1187 words (3.4 pages)

Essay on Disease Affecting Human Evolution : Blindness And Healing

- Disease Affecting Human Evolution How have we as Homo sapiens been able to continuously become sick with new and daring diseases, yet we always seem to overcome and become evolutionary dominant. Sickness and healing have always been at most of the root concepts that incorporate subjects such as biological as well as medical anthropology and give these particular fields their overall identity. Sickness and healing as an adaptation to the different diseases throughout human evolution has provided a deep variety of content to be able to study and analyze how human evolution has been affected....   [tags: Evolution, Natural selection, Genetics, DNA]

Better Essays
1120 words (3.2 pages)

Natural Selection, Scale, and Cultural Evolution Essay

- Evolution can be seen throughout all aspects of life, but for each aspect evolution does not occur in the same process. In his article entitled “Natural Selection, Scale, and Cultural Evolution,” Dunnell emphasizes and explains why evolution has made such a small impact on archaeology. Cultural evolution and biological evolution are not the same. Biological evolution uses theoretical propositions that explain the mechanisms of biological adaptation and evolution. The laws of cultural evolution “are not theoretical propositions but rather empirical generalizations” (Dunnell, 1996: 25)....   [tags: Natural Selection Essays]

Better Essays
965 words (2.8 pages)

Essay about Natural Selection, Scale, and Cultural Evolution

- In his article entitled “Natural Selection, Scale, and Cultural Evolution” Dunnell states that his purpose for the paper is to explain why evolution has made such a small impact on archaeology. His hopes, he says, are to give ways to integrate evolutionary characteristics and anthropological theory effectively. He first explains that cultural evolution and biological evolution are not the same (1996, pg 24). Because its “laws are not theoretical propositions but rather empirical generalizations,” cultural evolution does not work to explain cultural phenomena (1996, pg 25)....   [tags: Natural Selection Essays]

Better Essays
940 words (2.7 pages)

Physical And Biological Morphology Of Human Beings Essay

- Despite the immeasurable quantities of animal species dominating the globe, humans exist as a uniquely remarkable class. Their physical and biological morphology is the result of their intricate interactions with surrounding environments, which have occurred over several millennia. Our fellow primates have experienced similarly natured interactions, yet remain a vastly different species. Humans possess biological, cognitive, and cultural characteristics that can be attributed to no other entities – not even chimpanzees, whom we differ in less than 1% of our genetic composition....   [tags: Human, Human evolution, Australopithecus, Primate]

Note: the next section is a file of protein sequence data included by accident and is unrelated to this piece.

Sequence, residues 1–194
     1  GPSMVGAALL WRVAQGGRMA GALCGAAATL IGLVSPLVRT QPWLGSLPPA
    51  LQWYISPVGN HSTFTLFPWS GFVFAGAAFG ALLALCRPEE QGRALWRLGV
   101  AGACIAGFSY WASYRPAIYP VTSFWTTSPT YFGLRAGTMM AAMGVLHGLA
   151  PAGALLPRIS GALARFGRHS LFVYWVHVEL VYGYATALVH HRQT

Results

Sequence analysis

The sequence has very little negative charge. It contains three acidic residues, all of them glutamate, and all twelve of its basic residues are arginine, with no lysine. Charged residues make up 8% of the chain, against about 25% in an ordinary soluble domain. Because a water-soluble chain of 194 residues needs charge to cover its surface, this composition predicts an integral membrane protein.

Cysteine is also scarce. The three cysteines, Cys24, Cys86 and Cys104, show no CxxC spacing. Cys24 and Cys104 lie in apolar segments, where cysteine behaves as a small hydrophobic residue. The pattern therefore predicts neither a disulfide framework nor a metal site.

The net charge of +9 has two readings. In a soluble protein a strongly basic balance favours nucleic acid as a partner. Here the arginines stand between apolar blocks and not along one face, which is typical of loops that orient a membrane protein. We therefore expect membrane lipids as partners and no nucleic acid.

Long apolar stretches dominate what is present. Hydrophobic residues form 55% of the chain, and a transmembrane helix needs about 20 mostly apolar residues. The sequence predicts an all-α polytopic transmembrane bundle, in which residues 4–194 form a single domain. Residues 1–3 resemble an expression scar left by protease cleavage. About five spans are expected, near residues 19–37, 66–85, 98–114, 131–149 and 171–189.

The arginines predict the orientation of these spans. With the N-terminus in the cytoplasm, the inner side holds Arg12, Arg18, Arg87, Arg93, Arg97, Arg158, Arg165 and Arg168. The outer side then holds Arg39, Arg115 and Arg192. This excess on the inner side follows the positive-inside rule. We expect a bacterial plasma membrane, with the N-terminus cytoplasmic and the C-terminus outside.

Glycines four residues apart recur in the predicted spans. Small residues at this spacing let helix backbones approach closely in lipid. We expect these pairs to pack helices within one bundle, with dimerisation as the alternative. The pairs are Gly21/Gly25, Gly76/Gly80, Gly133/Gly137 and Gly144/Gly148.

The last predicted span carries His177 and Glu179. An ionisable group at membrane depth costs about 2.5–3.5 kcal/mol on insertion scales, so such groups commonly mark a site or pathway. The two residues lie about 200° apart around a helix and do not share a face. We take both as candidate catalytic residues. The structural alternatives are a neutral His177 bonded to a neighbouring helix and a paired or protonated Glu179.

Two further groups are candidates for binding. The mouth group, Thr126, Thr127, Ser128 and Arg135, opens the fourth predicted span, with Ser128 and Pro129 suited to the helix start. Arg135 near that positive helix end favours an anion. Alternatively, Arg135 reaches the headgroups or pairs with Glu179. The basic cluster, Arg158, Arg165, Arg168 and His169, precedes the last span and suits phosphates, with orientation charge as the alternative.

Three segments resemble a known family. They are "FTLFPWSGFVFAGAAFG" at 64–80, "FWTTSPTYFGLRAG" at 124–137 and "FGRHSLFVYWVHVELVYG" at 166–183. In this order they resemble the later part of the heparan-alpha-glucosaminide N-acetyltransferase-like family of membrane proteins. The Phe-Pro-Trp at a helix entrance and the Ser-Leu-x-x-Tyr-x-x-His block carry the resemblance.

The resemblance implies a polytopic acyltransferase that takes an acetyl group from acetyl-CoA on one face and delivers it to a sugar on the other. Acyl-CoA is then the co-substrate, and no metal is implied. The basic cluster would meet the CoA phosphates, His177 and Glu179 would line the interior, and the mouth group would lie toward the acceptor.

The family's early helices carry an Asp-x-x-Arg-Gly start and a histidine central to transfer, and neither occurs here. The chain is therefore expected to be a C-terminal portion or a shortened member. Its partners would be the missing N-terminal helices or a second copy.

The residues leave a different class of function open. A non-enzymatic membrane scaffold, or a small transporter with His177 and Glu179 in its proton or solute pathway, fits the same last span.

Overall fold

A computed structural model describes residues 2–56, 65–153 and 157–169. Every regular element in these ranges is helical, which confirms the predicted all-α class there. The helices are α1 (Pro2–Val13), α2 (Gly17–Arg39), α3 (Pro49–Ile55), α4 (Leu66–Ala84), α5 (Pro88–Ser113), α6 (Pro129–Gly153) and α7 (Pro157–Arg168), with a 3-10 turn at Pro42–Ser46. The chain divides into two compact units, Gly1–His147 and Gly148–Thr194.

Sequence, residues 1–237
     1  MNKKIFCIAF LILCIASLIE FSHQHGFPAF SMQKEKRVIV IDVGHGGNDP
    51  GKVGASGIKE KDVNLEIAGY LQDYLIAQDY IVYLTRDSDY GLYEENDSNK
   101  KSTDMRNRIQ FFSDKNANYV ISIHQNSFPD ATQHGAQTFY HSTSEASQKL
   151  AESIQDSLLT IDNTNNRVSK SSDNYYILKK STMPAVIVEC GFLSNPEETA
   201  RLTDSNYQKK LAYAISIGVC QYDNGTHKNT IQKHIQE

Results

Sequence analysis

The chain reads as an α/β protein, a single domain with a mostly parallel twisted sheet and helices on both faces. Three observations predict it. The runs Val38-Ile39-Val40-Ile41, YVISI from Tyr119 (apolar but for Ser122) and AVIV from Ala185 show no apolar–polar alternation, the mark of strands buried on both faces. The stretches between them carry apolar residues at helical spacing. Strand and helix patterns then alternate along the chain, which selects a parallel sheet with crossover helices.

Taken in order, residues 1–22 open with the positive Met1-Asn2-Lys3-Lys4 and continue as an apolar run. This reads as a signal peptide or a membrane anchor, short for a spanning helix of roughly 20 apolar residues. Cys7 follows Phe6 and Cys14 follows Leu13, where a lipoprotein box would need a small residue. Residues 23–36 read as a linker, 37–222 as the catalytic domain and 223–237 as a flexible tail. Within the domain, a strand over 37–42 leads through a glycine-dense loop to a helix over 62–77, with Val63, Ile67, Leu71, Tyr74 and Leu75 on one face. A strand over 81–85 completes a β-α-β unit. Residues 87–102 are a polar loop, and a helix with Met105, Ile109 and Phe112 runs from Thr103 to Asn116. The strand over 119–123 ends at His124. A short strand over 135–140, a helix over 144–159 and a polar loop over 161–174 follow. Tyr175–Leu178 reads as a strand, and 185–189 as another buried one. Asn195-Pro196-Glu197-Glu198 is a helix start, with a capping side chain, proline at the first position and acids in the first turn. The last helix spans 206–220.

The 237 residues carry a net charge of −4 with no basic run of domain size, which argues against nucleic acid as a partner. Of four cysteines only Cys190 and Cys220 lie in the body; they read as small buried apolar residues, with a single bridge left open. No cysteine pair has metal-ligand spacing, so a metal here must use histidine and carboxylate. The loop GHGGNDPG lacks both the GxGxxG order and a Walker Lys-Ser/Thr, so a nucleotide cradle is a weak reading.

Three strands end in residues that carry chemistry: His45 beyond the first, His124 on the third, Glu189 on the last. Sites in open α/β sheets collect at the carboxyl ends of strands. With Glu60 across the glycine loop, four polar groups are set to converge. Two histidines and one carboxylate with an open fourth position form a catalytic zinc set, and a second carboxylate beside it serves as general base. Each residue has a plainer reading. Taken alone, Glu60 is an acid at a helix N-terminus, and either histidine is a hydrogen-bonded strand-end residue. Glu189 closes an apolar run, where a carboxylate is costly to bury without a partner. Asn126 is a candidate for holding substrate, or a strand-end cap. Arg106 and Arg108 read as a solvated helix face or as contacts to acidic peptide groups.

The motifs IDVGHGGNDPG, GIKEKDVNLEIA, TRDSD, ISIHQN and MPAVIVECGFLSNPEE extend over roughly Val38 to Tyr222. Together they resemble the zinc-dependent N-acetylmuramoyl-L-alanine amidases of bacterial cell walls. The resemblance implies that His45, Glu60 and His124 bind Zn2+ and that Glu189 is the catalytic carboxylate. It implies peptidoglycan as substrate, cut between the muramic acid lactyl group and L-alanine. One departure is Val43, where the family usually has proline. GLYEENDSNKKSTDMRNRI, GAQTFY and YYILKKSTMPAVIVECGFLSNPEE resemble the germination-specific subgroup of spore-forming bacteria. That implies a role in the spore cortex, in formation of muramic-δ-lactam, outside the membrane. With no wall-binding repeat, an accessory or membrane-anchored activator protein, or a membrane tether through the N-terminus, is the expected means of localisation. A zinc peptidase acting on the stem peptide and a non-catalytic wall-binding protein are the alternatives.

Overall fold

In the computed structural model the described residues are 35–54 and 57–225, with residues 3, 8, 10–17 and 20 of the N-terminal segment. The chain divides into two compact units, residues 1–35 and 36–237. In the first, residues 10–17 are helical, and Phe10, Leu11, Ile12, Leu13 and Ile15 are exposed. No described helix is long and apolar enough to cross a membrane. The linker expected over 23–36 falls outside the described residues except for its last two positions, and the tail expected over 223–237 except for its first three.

Better Essays
1016 words (2.9 pages)

Biological Theory Of Crime Causation Essay

- To begin with, Biological theory is a conflict theory of crime causation. A biological theory is physical traits that leads an individual to commit a crime. Biological School is an important perspective in the biological theory. It suggests that criminal behavior is passed from generation to generation and that is results from biological tendencies. Physical traits can be a result of the nervous system. The nervous system allows a person to recognize actions that will cause a themselves harm and helps their brain function....   [tags: Criminology, Sociology, Crime, Crime statistics]

Better Essays
1741 words (5 pages)

Human Evolution Essay

- Human Evolution Human evolution is the biological and cultural development of humans. A human is any member of the species Homo sapiens, meaning "wise man." Since at least the Upper Paleolithic era, some 40,000 years ago, every human society has devised a creation myth to explain how humans came to be. Creation myths are based on cultural beliefs that have been adopted as a legitimate explanation by a society as to where we came from. The science of paleoanthropology, which also tries to create a narrative about how humans came to be, is deeply technical....   [tags: Biology Papers]

Better Essays
2996 words (8.6 pages)

Essay on Human Evolution

- Human Evolution Human Evolution, the biological and cultural development of the species Homo sapiens, or human beings. A large number of fossil bones and teeth have been found at various places throughout Africa, Europe, and Asia. Tools of stone, bone, and wood, as well as fire hearths, campsites, and burials, also have been discovered and excavated. As a result of these discoveries, a picture of human evolution during the past 4 to 5 million years has emerged. Human Physical Traits Humans are classified in the mammalian order Primates; within this order, humans, along with our extinct close ancestors, and our nearest living relatives, the African apes, are sometimes placed together in the...   [tags: Biology]

Better Essays
2715 words (7.8 pages)